Opinion: How the suffering in Gaza is different from other conflicts

Opinion by Arwa Damon

Editor’s Note: Arwa Damon, an award-winning former senior international correspondent for CNN, is president and co-founder of the nonprofit organization International Network for Aid, Relief and Assistance (INARA). The views expressed in this commentary are her own. Read more opinion on CNN.

CNN  — 

Note: This article includes descriptions of disturbing impacts of violence. 

A child shrieks in pain in a medical tent at a field clinic in southern Gaza. He’s 7, with severe burns on his back that are being cleaned and slathered with balm. It’s an excruciating process that would be done under anesthesia, in the sterile setting of a hospital, in ideal circumstances. But after nearly seven months of bombing and shelling in Gaza, conditions of any sort have ceased to be even adequate, let alone ideal.

I’m in Gaza on a humanitarian mission with my charity, International Network for Aid, Relief and Assistance, which I established in 2015 when I was still a senior correspondent for CNN. We’re working on setting up medical stations and expanding the number of shelters and camps we work in.

I’ve worked in war zones for the last 20 years, both as a journalist and a humanitarian. I sometimes find myself rolodexing memories of Iraq, Syria, Libya, Afghanistan, of sieges and starvation, of families on the run seeking safety, as I try to home in on what makes the suffering in Gaza so different.

The answer, as it turns out, is all around me. It is the psychological obliteration: What makes the trauma different in Gaza is the sheer constancy of it. Trauma compounds trauma every single day; there is no respite, not even a brief one.

Death and destruction are not unique to the war in Gaza, but the scale and the scope are, as is the intensity and ferocity.

The constant bombardment is a dagger plunged repeatedly into the gaping wound of a crushed psyche. The soundtrack of every night and day is the relentless buzz of drones that taunts, “Oh you think you’ve survived? Just wait, death can still come.”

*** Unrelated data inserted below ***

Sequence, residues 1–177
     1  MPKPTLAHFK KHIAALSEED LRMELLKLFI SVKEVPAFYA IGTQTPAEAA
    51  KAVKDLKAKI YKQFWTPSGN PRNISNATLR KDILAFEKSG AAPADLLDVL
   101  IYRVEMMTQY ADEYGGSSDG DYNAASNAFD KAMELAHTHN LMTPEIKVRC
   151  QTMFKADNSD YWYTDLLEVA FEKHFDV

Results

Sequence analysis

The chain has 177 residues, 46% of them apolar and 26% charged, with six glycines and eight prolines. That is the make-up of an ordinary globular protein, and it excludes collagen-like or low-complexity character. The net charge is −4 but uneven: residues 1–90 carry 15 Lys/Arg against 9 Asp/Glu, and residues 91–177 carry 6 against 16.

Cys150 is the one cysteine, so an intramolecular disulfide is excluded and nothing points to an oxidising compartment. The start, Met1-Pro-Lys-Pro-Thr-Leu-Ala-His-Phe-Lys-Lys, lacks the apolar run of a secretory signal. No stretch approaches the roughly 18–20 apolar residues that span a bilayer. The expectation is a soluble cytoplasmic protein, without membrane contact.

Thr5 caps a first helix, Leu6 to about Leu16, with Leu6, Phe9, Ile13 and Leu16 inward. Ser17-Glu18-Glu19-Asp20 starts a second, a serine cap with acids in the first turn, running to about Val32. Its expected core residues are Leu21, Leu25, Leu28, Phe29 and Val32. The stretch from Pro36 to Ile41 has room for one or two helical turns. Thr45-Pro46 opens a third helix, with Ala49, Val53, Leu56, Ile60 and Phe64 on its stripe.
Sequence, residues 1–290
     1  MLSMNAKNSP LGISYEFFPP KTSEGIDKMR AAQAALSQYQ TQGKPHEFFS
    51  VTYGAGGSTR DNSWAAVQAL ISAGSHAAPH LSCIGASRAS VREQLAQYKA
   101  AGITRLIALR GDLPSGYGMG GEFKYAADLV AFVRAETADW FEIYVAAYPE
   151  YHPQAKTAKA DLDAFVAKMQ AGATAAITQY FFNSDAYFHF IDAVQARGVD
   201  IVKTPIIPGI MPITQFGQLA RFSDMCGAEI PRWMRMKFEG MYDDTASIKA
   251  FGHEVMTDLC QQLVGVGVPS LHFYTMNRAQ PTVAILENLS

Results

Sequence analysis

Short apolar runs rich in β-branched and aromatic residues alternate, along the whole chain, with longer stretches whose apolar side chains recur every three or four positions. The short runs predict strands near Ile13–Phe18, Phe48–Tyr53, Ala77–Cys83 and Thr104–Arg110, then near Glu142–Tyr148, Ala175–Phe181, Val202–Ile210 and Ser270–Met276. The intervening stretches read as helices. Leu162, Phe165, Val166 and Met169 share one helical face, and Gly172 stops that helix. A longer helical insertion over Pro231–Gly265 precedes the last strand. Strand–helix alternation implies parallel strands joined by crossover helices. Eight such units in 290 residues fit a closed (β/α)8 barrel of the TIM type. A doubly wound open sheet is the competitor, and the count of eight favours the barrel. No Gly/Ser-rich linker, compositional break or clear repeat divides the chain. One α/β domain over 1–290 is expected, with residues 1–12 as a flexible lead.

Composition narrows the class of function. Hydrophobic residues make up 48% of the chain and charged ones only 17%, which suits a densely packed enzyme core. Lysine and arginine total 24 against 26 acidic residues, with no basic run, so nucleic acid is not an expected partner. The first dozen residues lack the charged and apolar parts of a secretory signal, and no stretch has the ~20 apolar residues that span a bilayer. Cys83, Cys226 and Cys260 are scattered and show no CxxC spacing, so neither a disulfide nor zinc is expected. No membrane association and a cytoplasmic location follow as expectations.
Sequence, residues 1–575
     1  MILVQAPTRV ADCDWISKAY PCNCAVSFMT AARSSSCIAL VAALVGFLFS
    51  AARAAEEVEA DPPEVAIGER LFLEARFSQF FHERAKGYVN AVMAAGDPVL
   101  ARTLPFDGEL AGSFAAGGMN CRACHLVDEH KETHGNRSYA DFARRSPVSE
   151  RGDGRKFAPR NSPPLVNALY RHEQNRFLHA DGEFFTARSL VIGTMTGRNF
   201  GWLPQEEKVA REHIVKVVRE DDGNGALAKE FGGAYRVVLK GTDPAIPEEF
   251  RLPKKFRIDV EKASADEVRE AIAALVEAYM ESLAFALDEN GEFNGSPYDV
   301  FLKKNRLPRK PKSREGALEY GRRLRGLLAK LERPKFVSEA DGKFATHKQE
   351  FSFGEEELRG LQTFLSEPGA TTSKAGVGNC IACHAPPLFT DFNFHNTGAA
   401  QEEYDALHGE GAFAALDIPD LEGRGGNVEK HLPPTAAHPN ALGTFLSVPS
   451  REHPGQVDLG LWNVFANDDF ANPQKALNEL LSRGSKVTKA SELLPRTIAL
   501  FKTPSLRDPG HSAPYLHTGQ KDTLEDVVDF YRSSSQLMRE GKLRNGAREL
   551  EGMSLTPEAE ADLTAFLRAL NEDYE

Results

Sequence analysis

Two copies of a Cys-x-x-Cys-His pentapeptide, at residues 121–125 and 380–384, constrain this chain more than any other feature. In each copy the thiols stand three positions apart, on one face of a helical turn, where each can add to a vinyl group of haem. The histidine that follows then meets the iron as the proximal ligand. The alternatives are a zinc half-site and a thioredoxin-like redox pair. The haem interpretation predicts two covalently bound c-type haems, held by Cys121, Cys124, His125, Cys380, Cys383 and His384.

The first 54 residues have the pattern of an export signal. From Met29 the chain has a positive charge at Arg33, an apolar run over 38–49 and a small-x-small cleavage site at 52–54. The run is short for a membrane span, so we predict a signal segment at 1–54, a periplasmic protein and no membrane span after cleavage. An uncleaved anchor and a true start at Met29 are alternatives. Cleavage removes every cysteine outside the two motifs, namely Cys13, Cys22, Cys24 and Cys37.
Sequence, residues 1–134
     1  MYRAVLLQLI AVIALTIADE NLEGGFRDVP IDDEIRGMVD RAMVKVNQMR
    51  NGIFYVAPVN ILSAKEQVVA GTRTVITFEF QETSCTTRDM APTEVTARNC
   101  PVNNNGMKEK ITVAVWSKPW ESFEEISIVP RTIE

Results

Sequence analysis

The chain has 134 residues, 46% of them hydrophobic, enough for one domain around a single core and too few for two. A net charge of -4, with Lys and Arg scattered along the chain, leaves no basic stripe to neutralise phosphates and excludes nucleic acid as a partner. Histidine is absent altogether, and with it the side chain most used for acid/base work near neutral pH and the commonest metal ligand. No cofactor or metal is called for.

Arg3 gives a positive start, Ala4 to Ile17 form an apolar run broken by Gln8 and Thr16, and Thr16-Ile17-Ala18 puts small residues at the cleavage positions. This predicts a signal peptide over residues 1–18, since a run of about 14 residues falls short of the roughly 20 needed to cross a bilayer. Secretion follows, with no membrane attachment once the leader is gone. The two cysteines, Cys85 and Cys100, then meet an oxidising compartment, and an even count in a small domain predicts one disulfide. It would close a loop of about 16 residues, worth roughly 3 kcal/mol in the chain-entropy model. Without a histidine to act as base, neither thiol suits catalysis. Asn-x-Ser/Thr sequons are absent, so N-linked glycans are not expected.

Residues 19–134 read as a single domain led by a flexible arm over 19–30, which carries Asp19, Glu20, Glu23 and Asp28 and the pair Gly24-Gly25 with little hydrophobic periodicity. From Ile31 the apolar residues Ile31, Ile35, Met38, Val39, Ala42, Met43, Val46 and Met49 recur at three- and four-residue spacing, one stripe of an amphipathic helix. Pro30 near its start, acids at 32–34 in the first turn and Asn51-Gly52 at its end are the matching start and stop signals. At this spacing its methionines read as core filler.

The screaming boy’s young mother looks like she’s weighed down by fatigue, sitting with her head in her hands mumbling — whether to herself or her son — “It’s OK, it’s almost over.”

But it’s not. She won’t be taking him home — their home doesn’t exist anymore. What substitutes for their home these days is a fly-infested tent. She won’t be able to ply him with ice cream as she did before the war. Famine remains a constant threat. The limited food rations consist of canned beans and lentils, and for that, she is deeply grateful. What she’s unable to tell him is, “Everything’s better. You’re safe now.” That lie would be so obvious, even the youngest children would know better than to believe it.

I smell the distinct stench of death and peer out through the tent flap. It’s emanating from the remains of those killed a week earlier that were only just recovered now, brought to this field clinic to be body-bagged and cataloged. The smallest corpse is a toddler about the size of my arm. The other remains consist of just body parts — I catch a glimpse of a foot and half a leg. I see a man in the corner, alone, crouched down sobbing quietly. They are all that is left of his relatives, someone working at the camp tells me.

These are the daily, harrowing images of loss and suffering that the population here endures every day. Even those who remain physically intact are often psychologically broken.